2016-03-10 / Faith Community

A Tale of Purim Joy

Whether from ancient text, the Internet, or the commentary of practicing Jews, the story of Purim is portrayed as one of the most joyous holidays on the Jewish calendar. It commemorates the time when the Jewish people living in Persia were saved from extermination.

The story of Purim is told in the Biblical book of Esther. The heroes of the story are Esther, a beautiful young Jewish woman living in Persia, and her cousin Mordecai, who raised her as if she were his daughter. Esther was taken to the house of Ahasuerus, King of Persia, to become part of his harem. King Ahasuerus loved Esther more than his other women and made Esther queen, but he did not know that Esther was a Jew, because Mordecai told her not to reveal her identity.

The villain of the story is Haman, an arrogant, egotistical advisor to the king. Haman hated Mordecai because Mordecai had refused to bow down to him, so Haman plotted to destroy the Jewish people. The king gave the fate of the Jewish people to Haman, to do as he pleased.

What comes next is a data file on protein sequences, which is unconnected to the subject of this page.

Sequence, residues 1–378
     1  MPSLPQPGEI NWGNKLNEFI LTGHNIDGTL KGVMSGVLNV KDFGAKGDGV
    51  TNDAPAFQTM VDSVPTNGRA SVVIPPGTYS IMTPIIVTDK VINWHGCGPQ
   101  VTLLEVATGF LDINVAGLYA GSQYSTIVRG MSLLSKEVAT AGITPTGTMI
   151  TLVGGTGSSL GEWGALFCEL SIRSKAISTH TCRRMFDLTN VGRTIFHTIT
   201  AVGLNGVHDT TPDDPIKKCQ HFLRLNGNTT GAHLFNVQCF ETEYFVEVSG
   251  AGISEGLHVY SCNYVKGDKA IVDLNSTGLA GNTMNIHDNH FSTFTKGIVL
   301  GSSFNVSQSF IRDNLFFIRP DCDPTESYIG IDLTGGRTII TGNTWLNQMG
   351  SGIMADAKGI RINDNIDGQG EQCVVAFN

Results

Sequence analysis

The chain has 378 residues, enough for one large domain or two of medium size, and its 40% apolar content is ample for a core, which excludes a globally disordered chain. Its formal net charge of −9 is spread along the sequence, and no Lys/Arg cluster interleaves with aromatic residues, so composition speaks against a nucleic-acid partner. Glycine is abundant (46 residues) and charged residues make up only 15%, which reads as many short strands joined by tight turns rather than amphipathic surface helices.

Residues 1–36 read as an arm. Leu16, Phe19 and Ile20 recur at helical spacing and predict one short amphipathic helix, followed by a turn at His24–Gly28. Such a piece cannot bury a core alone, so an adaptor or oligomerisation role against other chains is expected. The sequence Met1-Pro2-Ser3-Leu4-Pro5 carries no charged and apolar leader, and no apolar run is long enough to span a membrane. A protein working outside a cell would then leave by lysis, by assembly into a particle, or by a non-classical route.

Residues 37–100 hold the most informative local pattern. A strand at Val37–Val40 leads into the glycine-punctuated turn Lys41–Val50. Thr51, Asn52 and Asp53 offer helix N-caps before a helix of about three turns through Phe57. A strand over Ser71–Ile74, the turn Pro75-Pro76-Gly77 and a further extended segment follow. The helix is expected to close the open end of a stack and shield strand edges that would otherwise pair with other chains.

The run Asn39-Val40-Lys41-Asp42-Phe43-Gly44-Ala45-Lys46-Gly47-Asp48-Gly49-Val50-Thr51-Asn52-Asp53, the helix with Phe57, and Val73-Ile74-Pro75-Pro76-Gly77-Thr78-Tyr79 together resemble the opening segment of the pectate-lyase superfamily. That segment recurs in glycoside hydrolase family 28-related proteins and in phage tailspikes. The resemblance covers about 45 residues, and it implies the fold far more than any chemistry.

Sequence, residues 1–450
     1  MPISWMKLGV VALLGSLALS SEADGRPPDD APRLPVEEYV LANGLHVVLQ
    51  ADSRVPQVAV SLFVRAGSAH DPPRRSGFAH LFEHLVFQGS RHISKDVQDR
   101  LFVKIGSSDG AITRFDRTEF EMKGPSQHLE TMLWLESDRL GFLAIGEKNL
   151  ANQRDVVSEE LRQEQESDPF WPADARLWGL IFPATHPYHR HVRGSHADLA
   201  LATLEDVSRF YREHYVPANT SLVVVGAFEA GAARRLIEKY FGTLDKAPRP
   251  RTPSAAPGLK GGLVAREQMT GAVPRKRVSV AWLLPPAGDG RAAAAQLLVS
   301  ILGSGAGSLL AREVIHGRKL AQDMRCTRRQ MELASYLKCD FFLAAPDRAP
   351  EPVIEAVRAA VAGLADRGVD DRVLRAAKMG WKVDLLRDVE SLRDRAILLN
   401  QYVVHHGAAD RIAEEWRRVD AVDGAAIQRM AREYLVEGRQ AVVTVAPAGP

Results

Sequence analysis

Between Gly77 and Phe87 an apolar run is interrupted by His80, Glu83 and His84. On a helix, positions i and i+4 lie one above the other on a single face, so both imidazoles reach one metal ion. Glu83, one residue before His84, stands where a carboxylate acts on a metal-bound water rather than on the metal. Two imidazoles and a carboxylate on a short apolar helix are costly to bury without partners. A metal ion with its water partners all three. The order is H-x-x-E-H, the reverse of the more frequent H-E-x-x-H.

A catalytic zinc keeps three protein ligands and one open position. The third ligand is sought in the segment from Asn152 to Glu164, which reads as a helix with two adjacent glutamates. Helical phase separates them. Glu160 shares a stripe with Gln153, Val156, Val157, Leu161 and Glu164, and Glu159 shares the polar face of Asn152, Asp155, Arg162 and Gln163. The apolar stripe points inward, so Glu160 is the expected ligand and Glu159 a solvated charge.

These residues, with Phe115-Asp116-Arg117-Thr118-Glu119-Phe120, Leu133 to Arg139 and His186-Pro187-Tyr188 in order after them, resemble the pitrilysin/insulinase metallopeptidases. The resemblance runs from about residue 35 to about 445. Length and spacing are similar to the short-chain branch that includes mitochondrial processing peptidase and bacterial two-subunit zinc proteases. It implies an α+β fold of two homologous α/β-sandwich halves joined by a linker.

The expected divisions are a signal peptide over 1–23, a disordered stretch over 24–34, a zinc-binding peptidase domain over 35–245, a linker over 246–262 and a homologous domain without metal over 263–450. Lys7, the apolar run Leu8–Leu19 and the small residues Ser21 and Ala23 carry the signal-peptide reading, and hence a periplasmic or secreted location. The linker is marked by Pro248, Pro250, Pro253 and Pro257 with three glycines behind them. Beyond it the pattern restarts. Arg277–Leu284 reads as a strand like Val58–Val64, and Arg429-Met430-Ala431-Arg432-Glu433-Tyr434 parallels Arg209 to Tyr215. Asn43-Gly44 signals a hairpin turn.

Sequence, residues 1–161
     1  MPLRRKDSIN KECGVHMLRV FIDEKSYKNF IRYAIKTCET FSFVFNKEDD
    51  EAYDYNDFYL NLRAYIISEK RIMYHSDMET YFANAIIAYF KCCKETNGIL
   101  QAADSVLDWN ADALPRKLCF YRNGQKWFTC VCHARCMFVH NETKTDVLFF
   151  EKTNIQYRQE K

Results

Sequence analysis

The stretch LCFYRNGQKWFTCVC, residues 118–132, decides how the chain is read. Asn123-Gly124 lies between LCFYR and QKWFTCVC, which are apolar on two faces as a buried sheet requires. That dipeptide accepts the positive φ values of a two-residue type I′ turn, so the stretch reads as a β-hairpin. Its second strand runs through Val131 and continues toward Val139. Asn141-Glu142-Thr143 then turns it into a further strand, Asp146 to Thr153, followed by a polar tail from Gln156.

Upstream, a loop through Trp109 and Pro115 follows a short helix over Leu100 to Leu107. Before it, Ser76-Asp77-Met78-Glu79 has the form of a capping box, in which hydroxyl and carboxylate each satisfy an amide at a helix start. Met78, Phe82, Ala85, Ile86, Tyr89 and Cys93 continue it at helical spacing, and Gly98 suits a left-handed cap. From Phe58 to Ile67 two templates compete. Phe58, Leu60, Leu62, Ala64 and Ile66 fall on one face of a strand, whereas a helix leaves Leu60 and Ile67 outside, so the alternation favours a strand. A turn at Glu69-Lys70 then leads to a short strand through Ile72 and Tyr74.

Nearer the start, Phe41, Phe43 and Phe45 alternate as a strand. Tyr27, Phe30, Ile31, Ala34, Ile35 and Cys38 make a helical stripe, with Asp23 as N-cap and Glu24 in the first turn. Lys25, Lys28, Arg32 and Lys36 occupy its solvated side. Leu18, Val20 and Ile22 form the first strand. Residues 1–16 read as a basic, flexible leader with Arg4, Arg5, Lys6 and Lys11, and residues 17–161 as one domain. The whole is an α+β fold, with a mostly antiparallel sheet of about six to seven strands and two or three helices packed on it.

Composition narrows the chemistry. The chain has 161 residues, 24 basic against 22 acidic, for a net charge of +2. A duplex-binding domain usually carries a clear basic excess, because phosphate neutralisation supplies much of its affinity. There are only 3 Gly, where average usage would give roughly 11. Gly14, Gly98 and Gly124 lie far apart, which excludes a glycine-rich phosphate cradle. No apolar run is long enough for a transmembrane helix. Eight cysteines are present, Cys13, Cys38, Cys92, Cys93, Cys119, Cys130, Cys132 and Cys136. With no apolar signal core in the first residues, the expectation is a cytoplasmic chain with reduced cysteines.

Mordecai persuaded Esther to intervene, a risky tactic, because anyone who came un-summoned into the king’s presence could be put to death. Esther fasted for three days and then went to the king. He welcomed her. Later, she told him of Haman’s plot against her people.

The Jewish people were saved, and Haman and his 10 sons were hanged on the gallows that had been prepared for Mordecai.

Celebrants of Purim are commanded to eat, drink and be merry. According to the Talmud, a person is required to drink until he cannot tell the difference between the phrases “cursed be Haman” and “blessed be Mordecai,” though opinions differ as to exactly how drunk that is.

– James Merolla

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